¶ 7 In Miranda, “[t]he [United States Supreme] Court observed that ‘incommunicado interrogation’ in an ‘unfamiliar,’ ‘police-dominated atmosphere,’ involves psychological pressures ‘which work to undermine the individual's will to resist and to compel him to speak where he would not otherwise do so freely.’ “ Maryland v. Shatzer, 559 U.S. 98, 103, 130 S.Ct. 1213, 175 L.Ed.2d 1045 (2010) (citation omitted) (quoting Miranda, 384 U.S. at 456–57, 467). It therefore “adopted a set of prophylactic measures to protect a suspect's Fifth Amendment right from the ‘inherently compelling pressures' of custodial interrogation.” Id . (quoting Miranda, 384 U.S. at 467). “To counteract the coercive pressure, Miranda announced that police officers must warn a suspect prior to questioning that he has a right to remain silent, and a right to the presence of an attorney. After the warnings are given, if the suspect indicates that he wishes to remain silent, the interrogation must cease. Similarly, if the suspect states that he wants an attorney, the interrogation must cease until an attorney is present.” Id. at 103–04 (citations omitted).
¶ 8 Following Miranda, the Court remained concerned that police might “take advantage of the mounting coercive pressures of ‘prolonged police custody,’ Roberson, 486 U.S., at 686, by repeatedly attempting to question a suspect who previously requested counsel until the suspect is ‘badgered into submission,’ id., at 690 (Kennedy, J., dissenting).” Shatzer, 559 U.S. at 105. To foreclose the potential for abuse, the Edwards court held that “when an accused has invoked his right to have counsel present during custodial interrogation, a valid waiver of that right cannot be established by showing only that he responded to further police-initiated custodial interrogation even if he has been advised of his rights. [He] is not subject to further interrogation by the authorities until counsel has been made available to him, unless the accused himself initiates further communication, exchanges, or conversations with the police.” 451 U.S. at 484–85. The Court subsequently clarified that the Edwards rule is neither offense specific nor agency specific. Roberson, 486 U.S. at 687–88.
¶ 9 Trochez–Jimenez argues that just as this rule applies across American jurisdictions, offenses, and agencies, it applies when a person invokes a right to counsel under a foreign charter to foreign officials even in the absence of United States involvement in that investigation.4 No court has so held. Several courts, however, have held to the contrary and declined to infer an invocation of one's right to counsel under the Fifth Amendment from a request for counsel under foreign laws. See Holland v. Florida, 813 So.2d 1007, 1009–10 (Fla.Dist.Ct.App.2002) (holding a request for counsel under Canadian law is not an invocation of one's Fifth Amendment right to counsel under Miranda); United States v. Dock, 40 M.J. 112, 117–19 (C.M.A.1994) (holding Edwards is not applicable when a suspect invokes his right to counsel under German law); United States v. Coleman, 26 MJ. 451, 453 (C.M.A.1988) (same); United States v. Vidal, 23 MJ. 319, 320–23 (C.M.A.) (same), cert. denied, 481 U.S. 1052 (1987).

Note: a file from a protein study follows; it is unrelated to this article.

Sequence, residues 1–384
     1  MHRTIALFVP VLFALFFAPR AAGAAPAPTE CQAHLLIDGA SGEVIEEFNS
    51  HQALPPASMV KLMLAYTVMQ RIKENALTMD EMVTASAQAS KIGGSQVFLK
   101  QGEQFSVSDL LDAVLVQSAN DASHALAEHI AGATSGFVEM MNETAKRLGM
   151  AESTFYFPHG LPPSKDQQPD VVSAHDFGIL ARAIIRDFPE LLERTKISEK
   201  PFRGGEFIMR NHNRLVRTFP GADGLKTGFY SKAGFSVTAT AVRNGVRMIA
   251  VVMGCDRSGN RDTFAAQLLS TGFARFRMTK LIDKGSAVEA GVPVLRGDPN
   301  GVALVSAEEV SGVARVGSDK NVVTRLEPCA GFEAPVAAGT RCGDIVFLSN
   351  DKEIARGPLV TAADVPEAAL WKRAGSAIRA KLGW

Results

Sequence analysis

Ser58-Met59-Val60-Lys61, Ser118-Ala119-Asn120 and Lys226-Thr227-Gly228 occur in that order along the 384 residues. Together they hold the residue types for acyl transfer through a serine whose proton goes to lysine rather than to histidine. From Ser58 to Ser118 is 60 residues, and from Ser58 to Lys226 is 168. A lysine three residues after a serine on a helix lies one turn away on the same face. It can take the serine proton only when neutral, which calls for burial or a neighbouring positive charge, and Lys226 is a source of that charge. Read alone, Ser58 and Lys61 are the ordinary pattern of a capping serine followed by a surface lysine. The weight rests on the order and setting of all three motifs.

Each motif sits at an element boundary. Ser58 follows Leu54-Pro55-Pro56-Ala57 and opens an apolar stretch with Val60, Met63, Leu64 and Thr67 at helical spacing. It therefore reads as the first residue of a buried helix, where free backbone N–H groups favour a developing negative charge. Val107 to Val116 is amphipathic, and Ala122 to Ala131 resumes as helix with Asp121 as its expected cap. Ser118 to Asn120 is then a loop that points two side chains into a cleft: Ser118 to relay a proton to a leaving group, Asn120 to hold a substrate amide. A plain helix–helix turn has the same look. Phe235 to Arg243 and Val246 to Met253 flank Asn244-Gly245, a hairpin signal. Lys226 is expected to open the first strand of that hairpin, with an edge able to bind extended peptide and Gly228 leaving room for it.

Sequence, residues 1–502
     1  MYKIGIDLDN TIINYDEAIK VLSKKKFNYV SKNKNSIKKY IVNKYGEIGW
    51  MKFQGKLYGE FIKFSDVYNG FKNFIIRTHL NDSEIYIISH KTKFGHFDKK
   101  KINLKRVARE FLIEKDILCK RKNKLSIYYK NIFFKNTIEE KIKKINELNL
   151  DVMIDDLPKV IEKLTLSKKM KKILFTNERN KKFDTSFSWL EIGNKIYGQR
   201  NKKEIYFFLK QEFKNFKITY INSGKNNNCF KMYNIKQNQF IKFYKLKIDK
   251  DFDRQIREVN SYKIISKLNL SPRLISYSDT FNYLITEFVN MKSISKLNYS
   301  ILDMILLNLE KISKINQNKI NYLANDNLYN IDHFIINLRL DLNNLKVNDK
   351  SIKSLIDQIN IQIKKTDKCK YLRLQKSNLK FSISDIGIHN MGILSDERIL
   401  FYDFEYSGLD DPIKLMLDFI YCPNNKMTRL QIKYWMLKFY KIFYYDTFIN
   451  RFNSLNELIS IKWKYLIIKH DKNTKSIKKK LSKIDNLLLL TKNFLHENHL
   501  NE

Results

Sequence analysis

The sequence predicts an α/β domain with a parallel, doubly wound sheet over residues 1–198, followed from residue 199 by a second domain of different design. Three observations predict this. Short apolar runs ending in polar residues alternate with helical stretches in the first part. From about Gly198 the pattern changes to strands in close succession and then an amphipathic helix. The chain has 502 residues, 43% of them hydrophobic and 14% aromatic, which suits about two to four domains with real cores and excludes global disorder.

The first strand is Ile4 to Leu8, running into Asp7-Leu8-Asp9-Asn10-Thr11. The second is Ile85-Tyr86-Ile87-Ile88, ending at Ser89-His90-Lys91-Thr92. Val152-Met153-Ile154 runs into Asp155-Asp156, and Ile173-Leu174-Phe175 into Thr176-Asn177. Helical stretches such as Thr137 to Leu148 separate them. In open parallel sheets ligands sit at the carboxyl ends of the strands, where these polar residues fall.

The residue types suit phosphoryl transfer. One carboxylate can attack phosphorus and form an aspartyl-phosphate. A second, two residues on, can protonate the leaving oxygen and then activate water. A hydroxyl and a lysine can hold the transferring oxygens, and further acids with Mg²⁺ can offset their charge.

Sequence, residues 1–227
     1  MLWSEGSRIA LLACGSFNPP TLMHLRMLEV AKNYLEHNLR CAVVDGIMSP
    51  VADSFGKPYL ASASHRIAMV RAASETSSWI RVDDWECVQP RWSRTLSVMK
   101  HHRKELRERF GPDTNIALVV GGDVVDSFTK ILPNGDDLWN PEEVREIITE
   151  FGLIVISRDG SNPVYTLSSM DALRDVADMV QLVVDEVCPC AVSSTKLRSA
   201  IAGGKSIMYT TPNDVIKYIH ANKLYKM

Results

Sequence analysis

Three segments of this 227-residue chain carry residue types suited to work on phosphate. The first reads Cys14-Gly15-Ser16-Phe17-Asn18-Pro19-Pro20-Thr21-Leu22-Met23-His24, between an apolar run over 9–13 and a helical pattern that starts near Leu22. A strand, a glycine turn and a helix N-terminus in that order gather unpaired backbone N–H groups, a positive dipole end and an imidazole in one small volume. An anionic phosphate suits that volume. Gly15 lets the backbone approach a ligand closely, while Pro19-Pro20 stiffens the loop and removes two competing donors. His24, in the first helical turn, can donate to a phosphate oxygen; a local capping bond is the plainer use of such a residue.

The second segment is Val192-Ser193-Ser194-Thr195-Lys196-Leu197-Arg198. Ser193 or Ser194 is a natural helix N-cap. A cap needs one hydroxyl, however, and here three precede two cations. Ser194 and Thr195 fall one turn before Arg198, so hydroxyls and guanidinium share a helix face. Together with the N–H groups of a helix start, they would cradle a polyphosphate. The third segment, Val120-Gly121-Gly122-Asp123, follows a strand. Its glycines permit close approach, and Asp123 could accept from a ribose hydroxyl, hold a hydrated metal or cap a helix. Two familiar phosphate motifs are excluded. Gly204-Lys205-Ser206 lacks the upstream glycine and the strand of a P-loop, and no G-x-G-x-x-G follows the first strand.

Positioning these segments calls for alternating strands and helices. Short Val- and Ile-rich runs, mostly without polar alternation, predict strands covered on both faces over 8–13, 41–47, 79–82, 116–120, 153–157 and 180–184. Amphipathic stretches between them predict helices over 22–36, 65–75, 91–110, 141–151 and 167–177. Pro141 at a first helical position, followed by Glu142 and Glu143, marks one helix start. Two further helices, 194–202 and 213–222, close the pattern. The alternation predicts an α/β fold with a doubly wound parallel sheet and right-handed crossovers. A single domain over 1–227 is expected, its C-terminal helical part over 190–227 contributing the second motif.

¶ 10 These cases are consistent with the settled principle that the Fifth Amendment right to counsel cannot be invoked anticipatorily before the Fifth Amendment attaches. See Montejo v.. Louisiana, 556 U.S. 778, 797, 129 S.Ct. 2079, 173 L.Ed.2d 955 (2009); McNeil v. Wisconsin, 501 U.S. 171, 182 n. 3, 111 S.Ct. 2204, 115 L.Ed.2d 158 (1991). In McNeil, the Milwaukee County Sheriff's Office suspected McNeil of having committed two separate crimes in the cities of West Allis and Caledonia. Id. at 173. McNeil was arrested, charged, and appointed counsel with regard to the West Allis crime. Id. While he was in jail pending trial, officers interrogated him about the Caledonia crime. Id. at 174. McNeil waived his Miranda rights, admitted his involvement in the crime, and provided a written statement recounting the events. Id. Although he never requested an attorney during any interrogation prior to or after his arrest, he sought to suppress his statements under Edwards and Roberson, contending that his courtroom appearance with an attorney for the West Allis offense constituted an invocation of his Sixth Amendment right to counsel as well as his Fifth Amendment Miranda right to counsel. Id. The Court disagreed, noting that allowing a Sixth Amendment request for counsel to trigger Miranda protections would be contrary to the fact that “[w]e have ․ never held that a person can invoke his Miranda rights anticipatorily, in a context other than ‘custodial interrogation,’ “ especially when “[m]ost rights must be asserted when the government seeks to take the action they protect against.” Id. at 182 n. 3; see Montejo, 556 U.S. at 797.
¶ 11 Trochez–Jimenez argues he did not anticipatorily invoke his Miranda rights because he was in custody at the time he requested counsel, albeit by Canadian authorities. Wash. Supreme Court oral argument, State v. Trochez–Jimenez, No. 88577–0 (Jan. 16, 2014), at 9 min., 43 sec. through 11 min., 19 sec., audio recording by TVW, Washington State's Public Affairs Network, available at http://ww.tvw.org/. Regardless of whether Trochez–Jimenez was under custodial interrogation, the Fifth Amendment right to counsel does not attach when that custodial interrogation is void of federal or state involvement. Because a suspect's Miranda rights derive from the Fifth Amendment, they protect against instances of potential self-incrimination. No potential for self-incrimination, however, exists with a foreign prosecution regarding a foreign crime. United States v. Balsys, 524 U.S. 666, 669, 118 S.Ct. 2218, 141 L.Ed.2d 575 (1998) (holding a concern of possible foreign prosecution is beyond the scope of the self-incrimination clause of the Fifth Amendment). It therefore follows that for the right to attach, the custodial interrogation must be by federal or state governments, not foreign authorities.